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>> Home > Tags > bulwark

17-28 Torbay Severn Lifeboat by TheBlacksmith Petty Officer   Posted: 2 months ago
The Southampton has lots of screws around the deck but some are under the bollards so you need to remove them, there are two aft bollards which need to be gently prised loose but the others are scewed to the bulwarks. I changed the radio in mine as well as the motor/gearboxes and fitted a v.tail mixer from with 2 speed contollers as well as converting the battery holder to take a six volt nimh pack. The effect is awesome. Happy sailing😁

Live and learn! by figtree7nts Fleet Admiral!   Posted: 2 months ago
OK, I've learned that. When paint companies make a batch of paint. You should get as many cans from that batch as possible! For a set project if need be! I used Bright Touch automotive paint. For the bulwark and outer hull. Had to get two more cans of the stuff. It being BT43 Flat Black! Wouldn't you know it's a different shade!😡 Not too far off but, noticeable! At least the Red Oxide Primer. Being BT51 is the same shade! I must have lucked out on that one! So what have I learned. Get two or more cans if needed at the same time!👍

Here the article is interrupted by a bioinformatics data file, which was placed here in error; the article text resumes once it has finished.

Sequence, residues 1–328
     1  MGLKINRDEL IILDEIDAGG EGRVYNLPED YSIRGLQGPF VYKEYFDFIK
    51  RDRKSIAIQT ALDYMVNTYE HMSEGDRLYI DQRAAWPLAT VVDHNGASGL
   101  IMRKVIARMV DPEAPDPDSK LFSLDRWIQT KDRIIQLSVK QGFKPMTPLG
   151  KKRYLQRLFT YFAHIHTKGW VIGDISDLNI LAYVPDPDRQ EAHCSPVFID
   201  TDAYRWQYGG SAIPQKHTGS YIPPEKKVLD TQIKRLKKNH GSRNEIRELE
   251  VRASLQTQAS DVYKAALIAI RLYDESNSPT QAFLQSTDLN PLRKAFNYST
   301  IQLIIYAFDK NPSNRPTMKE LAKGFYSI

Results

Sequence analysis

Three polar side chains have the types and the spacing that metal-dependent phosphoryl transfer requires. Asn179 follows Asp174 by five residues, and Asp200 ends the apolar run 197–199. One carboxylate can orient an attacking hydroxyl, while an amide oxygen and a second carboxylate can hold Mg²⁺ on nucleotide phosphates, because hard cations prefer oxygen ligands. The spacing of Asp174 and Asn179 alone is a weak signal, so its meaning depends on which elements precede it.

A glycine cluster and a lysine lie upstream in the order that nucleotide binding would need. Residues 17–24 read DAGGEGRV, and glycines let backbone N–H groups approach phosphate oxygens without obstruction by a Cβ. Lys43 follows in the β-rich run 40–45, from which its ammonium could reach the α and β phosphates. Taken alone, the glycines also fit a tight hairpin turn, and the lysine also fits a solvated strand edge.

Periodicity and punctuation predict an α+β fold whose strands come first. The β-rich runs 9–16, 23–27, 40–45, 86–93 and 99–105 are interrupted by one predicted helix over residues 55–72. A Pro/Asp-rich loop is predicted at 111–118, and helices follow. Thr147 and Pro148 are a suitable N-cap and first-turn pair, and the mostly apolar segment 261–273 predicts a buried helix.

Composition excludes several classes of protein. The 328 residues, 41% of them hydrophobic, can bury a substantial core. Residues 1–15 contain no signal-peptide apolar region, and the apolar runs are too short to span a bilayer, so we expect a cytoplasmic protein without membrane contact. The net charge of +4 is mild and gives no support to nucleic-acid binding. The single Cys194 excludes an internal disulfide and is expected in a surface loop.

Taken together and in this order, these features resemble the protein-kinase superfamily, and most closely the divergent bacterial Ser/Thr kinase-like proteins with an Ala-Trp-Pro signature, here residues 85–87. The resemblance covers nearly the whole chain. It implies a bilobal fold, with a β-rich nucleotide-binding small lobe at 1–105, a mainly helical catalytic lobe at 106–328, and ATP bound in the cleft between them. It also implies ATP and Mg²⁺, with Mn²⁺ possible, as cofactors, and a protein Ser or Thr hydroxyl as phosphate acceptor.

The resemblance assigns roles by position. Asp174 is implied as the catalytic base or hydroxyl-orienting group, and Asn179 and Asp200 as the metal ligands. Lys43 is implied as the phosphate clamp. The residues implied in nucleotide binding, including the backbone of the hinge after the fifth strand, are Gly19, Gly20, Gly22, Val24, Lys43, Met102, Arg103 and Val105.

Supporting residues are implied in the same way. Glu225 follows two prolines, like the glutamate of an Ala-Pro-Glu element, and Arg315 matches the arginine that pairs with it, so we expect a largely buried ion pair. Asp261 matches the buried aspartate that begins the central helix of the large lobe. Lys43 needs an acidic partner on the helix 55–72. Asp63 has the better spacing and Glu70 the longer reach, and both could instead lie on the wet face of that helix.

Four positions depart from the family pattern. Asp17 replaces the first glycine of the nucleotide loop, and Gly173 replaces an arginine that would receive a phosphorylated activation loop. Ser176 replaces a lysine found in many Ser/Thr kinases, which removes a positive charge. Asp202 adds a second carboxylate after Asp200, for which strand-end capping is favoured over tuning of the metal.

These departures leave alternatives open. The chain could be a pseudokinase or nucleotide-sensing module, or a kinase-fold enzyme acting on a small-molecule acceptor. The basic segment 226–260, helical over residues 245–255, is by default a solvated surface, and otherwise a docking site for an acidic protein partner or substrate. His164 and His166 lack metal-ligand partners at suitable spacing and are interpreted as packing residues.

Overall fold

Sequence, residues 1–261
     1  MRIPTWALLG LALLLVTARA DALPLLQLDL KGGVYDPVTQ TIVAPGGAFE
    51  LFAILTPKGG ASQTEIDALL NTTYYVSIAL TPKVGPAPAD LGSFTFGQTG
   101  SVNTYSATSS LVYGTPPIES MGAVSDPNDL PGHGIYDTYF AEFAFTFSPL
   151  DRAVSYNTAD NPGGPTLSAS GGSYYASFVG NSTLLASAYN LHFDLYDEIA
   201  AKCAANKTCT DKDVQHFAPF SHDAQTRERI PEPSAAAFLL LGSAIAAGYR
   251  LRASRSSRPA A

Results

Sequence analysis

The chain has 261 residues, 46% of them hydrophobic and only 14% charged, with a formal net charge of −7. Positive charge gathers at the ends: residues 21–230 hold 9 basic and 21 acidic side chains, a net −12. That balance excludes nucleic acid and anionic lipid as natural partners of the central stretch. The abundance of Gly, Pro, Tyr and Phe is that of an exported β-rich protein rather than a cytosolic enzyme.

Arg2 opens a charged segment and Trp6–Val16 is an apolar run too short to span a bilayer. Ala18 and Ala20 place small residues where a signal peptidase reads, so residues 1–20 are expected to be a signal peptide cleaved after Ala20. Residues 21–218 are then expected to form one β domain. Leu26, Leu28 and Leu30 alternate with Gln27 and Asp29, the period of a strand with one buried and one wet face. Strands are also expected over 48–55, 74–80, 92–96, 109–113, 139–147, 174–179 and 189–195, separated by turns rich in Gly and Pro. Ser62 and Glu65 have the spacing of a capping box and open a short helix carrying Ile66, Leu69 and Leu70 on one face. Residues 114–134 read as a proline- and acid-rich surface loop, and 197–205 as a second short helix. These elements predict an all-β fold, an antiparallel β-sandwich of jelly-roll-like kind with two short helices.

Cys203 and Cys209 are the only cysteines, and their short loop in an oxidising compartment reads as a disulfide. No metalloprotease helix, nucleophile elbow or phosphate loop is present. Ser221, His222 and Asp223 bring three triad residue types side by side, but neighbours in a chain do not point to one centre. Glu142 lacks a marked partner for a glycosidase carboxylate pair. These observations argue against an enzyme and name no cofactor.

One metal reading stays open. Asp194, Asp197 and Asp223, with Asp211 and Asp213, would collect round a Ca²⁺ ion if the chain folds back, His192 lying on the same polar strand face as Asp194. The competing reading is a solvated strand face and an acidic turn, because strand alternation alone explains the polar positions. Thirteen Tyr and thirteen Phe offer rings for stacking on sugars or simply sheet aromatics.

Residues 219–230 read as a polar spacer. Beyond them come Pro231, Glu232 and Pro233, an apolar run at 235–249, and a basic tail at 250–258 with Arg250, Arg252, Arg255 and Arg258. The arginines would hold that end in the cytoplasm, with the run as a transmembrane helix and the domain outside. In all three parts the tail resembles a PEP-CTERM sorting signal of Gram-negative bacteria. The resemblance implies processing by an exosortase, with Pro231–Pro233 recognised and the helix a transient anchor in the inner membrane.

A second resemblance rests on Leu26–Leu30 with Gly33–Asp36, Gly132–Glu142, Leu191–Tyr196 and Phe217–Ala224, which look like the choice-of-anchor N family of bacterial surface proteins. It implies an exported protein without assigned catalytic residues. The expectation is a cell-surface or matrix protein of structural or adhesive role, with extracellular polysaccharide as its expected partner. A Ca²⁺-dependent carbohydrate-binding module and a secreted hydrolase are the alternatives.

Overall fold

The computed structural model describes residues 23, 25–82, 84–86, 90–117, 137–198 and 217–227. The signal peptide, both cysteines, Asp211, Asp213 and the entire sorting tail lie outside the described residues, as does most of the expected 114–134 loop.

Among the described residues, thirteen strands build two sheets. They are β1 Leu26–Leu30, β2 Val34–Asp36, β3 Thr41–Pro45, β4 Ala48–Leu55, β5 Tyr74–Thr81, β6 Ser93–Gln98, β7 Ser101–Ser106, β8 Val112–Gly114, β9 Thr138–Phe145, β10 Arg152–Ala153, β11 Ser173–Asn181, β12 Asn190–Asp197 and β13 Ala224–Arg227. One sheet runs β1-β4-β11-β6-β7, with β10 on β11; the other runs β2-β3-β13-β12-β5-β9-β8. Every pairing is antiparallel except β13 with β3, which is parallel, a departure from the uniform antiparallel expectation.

Steep angled rudder shafts by Westquay Fleet Admiral!   Posted: 2 months ago
Ron, there is nowhere near enough space for that and also the twisted arms would still move through a strange path. I have snakes, but they don't seem to work as well as the man suggested. So, I've ordered a universal joint in steel which fits a 4mm shaft. I will take a short bit of 4mm out of the top on which will be the arm I've made, but that will need a bearing (just thought of that as I typed) otherwise it will flop about all over the place. Damn! More space I haven't got. Looks like the pulley idea might be the only way of working it, but getting access to those pulleys would be very awkward. I have very little space back there. We're in the lazarette and that was bend double territory on the real boat. The only other way would be to actuate the tiller on deck, once again with pulleys. I'm making the tiller currently. I may have to look into a deck operated system, with the line coming out of the middle of the deck and then via a pulley on either bulwark. Cheers, Martin

Bulwark capping by RNinMunich Fleet Admiral!   Posted: 3 months ago